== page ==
Krystal Prakaikaew Na-Ranong has this uncanny ability to read the market. Co-founder and owner of The Slate Phuket, an avant-garde beachfront property designed by Bill Bensley, she got it right when she urged her father, Wichit Na-Ranong, to radically transform and rebrand the erstwhile The Pearl Village Phuket into Indigo Pearl, an Instagram worthy, design-forward hotel. Well before Instagram co-founders Michel Krieger and Kevin Systrom had even thought of putting up their first story.
Then again, when Indigo Pearl morphed into The Slate Phuket six years ago. And now, as she prepares to launch Vibrations, a series of community-orientated festivities showcasing creativity in all its forms. First in this series is Amazonia – a two-day music, art, food and dance festival (16-17 April) focused on Latin America. Post pandemic, travellers need more than one reason to zip up their bags, and Krystal or Moo, as she is known to her friends, gets that.
She explains, “The behaviour of the travellers has changed; they need more. They look for unique experiences. Vibrations is one such effort. The first episode will introduce our clientele to the classical and contemporary heritage of Latin America, and another way to spend Songkran without all the water splashing. This is how we at The Slate integrate art and culture into every aspect of the guest experience.” The musical and cultural festival, starts with a performance on 16th April and ends with a brunch on 17th April – The Slate’s very popular Sunday brunch.
We meet in Bangkok, in her office that has had a fabulous Bill Bensley makeover. Moo is dressed in resort chic as redefined by The Slate into streetwear. Her black and white ensemble is chic, gender-fluid and very city appropriate. Frederick ‘Fred’ Morrison, the man behind the luxury British streetwear label ‘This is Fred’, created it for the hotel. A collection inspired by Fred’s stay at The Slate. Moo had first connected with Fred in London when she walked into his store in the arty district of Shoreditch. That meeting led to ‘The Slate x Fred’ available online and at the hotel gift shop – The Stockroom.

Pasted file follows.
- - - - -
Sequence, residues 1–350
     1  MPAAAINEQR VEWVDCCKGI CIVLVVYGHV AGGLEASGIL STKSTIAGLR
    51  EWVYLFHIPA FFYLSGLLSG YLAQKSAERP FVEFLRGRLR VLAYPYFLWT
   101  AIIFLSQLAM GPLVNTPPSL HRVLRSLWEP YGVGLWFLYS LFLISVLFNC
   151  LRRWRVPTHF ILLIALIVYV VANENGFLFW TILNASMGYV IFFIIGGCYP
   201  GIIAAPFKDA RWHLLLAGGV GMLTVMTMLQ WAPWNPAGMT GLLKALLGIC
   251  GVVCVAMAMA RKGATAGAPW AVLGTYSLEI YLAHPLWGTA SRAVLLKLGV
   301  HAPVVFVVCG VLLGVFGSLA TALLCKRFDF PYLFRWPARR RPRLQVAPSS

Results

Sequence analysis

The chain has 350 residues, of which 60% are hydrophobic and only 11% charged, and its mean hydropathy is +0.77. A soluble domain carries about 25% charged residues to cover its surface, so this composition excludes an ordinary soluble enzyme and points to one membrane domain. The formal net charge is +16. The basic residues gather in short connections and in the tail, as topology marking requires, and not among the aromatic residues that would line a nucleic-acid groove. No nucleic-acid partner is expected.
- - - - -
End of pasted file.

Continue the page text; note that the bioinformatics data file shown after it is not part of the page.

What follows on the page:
From the redesigned hotel to the ‘This is Fred’ collection, is a masterclass in rebranding. Moo goes back to the beginning to explain, “Pearl Village was a totally different concept: people went to a hotel for a formulaic beach holiday. But by the time we decided to change to Indigo Pearl, the traveller’s behaviour was changing – they no longer were satisfied with a cookie-cutter hotel. They wanted experiences they could talk about.”
Bill Bensley’s avant-garde vision reimagined The Pearl into the Design Hotel jewel it is today, “It was a major transformational decision. The existing Thai restaurant turned into the all-black Black Ginger. It was quite a shock for everyone at that time,” she smiles. “The hotel completely changed, but we kept the ‘core’: of it being a family business and our staff and service ethos (some of them have been with us from the time of Pearl Village). The design changed, and the way we cater to our guests changed. The guest profile changed too. At Pearl Village we had a lot of repeat guests that were mostly retired. But with Indigo Pearl, we got a younger demographic. Those who didn’t like the direction we had taken, left. It was a hard decision to take, but I could see that we had to change. The decision was harder on my father; he was so attached to the Pearl Village.”